Will My Dog Be Ok If I Adopt Another?

By Tammy Dray

If you've decided to bring a new doggie home, you're probably worried about how Rover at home is going to react. Though there's a chance he might resent your decision a bit -- this should only be temporarily. Introducing two adult dogs can be a challenge and you need to be careful to avoid an all-out war. Hopefully, the pooches will eventually become friends and have lots of fun together. However, it's up to you to make that happen.


Your first responsibility is to your current dog. After all, you don't want to put him in a situation he'll hate or be miserable in. If Rover is a quiet, old dog, don't bring home a hyper teenage dog who will drive him crazy. When adopting from a shelter, always find out the past history of the new dog. If he was abused or has a dominant character, this might create problems with your doggie back home. Is Rover a high-energy, always-running pooch? Then getting a companion with the same level of energy could be great -- they can play together and tire each other out.


Consider adopting a dog of the opposite sex if you have a choice, as dogs of the opposite gender tend to fight less with one another. Of course, mixing up a boy and a girl can have unwanted consequences, so make sure both dogs are sterilized before the initial meeting. The same goes for two dogs of the same sex even though they can't reproduce, as spaying and neutering can help counter any aggressive behavior, making introductions easier.

Learn Proper Introduction Techniques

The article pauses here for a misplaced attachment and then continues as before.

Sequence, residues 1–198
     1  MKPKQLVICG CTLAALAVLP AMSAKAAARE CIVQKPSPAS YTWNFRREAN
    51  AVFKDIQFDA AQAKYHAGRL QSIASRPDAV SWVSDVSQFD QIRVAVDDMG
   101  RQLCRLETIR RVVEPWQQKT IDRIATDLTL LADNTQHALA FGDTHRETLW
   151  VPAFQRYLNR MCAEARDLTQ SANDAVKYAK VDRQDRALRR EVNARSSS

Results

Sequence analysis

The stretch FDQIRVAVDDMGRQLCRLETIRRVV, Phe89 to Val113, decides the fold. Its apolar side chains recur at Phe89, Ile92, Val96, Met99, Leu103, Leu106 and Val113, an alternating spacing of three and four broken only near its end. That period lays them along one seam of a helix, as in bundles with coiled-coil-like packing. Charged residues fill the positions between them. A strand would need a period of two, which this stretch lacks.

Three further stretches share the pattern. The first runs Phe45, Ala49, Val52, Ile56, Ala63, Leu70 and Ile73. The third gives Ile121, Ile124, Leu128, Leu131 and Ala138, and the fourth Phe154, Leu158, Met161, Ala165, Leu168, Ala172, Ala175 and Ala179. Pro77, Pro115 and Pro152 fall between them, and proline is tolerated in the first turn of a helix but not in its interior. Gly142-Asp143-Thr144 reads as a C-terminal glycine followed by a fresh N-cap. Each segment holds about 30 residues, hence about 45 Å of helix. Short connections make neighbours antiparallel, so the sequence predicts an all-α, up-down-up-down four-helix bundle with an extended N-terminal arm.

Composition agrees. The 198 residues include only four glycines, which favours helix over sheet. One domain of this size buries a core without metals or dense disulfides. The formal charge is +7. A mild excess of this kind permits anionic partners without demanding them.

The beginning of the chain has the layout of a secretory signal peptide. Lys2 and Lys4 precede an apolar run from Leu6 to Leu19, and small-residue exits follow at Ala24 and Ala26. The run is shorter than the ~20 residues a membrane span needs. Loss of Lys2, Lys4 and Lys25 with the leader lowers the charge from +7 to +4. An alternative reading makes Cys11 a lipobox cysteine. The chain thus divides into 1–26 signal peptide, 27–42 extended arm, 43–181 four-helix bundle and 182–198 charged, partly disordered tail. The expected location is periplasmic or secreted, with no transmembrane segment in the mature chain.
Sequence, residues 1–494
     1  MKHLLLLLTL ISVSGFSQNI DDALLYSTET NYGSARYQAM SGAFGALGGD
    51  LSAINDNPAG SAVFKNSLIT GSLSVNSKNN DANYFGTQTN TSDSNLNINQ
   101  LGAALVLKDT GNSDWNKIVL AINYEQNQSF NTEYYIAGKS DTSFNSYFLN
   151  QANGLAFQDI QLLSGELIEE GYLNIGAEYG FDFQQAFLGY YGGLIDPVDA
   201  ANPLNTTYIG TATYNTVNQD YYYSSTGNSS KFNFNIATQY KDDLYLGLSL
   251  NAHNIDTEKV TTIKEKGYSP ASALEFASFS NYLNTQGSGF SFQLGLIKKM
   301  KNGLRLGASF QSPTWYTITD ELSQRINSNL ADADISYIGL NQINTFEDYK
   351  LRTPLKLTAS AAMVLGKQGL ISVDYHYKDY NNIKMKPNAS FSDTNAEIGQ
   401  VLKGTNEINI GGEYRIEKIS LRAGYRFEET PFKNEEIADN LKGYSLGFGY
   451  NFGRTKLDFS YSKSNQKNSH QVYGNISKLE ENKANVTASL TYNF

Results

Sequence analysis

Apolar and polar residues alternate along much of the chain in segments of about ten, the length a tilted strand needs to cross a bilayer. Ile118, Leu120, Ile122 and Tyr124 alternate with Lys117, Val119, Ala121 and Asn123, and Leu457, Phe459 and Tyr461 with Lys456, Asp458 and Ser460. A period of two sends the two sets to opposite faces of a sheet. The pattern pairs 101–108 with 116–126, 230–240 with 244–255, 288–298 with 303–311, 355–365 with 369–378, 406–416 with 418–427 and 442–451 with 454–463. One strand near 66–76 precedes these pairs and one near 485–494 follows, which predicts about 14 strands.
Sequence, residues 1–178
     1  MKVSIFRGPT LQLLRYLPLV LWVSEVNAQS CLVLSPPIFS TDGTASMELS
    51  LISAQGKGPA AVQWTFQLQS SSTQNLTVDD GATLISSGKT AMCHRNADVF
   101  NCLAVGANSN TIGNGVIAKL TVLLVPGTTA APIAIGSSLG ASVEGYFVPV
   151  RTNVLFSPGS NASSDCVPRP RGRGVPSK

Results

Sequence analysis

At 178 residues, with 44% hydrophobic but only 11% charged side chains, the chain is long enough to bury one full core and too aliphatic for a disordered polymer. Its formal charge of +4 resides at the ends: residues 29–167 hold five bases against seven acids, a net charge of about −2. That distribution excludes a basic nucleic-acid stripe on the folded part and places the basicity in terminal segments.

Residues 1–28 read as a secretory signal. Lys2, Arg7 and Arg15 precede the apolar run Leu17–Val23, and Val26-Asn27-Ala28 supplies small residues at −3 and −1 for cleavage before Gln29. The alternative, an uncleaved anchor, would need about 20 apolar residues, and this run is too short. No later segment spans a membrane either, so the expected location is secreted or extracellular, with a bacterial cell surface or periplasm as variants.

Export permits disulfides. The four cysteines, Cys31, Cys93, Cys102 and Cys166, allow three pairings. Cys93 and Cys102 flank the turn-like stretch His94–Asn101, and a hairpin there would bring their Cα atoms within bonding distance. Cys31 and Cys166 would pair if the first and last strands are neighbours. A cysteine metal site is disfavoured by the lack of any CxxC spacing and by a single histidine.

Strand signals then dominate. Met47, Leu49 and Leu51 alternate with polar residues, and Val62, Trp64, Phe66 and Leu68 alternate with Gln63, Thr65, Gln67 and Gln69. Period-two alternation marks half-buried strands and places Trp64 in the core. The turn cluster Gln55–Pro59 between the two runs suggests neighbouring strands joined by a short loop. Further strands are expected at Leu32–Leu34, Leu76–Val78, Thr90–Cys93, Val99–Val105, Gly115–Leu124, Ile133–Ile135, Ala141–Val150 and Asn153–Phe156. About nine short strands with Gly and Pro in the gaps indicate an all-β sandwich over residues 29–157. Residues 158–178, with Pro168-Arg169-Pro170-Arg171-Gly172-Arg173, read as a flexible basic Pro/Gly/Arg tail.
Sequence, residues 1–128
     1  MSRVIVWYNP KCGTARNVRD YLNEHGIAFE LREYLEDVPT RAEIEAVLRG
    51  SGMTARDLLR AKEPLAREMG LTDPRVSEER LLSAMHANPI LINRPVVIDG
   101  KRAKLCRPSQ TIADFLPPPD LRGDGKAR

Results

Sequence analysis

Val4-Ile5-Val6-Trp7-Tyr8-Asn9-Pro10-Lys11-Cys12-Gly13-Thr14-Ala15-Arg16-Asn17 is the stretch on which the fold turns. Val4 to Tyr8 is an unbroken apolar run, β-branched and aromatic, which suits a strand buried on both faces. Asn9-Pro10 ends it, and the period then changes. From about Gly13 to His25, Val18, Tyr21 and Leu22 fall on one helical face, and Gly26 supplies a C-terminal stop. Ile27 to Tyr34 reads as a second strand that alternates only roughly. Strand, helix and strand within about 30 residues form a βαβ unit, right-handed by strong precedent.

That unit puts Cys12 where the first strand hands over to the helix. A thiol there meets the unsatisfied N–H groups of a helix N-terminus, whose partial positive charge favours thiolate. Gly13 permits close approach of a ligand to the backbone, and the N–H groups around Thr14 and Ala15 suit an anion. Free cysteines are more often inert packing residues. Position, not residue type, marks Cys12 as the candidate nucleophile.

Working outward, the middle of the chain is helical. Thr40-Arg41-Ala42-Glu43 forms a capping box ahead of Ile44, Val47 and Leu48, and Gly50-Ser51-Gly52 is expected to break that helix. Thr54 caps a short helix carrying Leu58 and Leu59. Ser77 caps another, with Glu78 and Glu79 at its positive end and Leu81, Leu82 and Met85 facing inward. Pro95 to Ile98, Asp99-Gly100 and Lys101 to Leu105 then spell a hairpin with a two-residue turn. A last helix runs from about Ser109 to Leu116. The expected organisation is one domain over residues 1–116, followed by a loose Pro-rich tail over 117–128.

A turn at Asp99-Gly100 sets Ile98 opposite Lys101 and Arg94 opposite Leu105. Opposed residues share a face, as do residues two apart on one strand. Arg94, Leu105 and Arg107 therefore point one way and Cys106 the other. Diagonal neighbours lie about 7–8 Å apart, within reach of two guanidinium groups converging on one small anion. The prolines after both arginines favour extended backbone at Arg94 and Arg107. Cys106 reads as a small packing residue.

Introducing two adult dogs is a bit more complicated than just letting both of them meet and run around in your yard or living room. If you want to avoid fights, the introduction should be a bit more "delicate" than that. For starters, make sure both dogs are on a leash the first time they meet. If you live alone, ask a friend to come around so she can hold the other dog. Allow the dogs to smell each other, but keep tight control of the leashes at all times. Even better, let the dogs meet outside your home, if possible. Even meeting on the sidewalk right in front of your house could be a good thing -- it's neutral territory, so your first dog won't feel the need to protect his turf.

For a while, make sure each dog has his own space. A "while" can be a week or a month, depending on how the original meeting goes and the personality of the two dogs involved. When you go out, put the dogs in separate rooms, so there's no chance of a fight breaking out in your absence. Don't leave food out for free-feeding, even when you're in the house. Instead, feed the two dogs separately -- in different corners of the kitchen or even in different rooms -- to avoid any problems.

By Tammy Dray


About the Author
Tammy Dray has been writing since 1996. She specializes in health, wellness and travel topics and has credits in various publications including Woman's Day, Marie Claire, Adirondack Life and Self. She is also a seasoned independent traveler and a certified personal trainer and nutrition consultant. Dray is pursuing a criminal justice degree at Penn Foster College.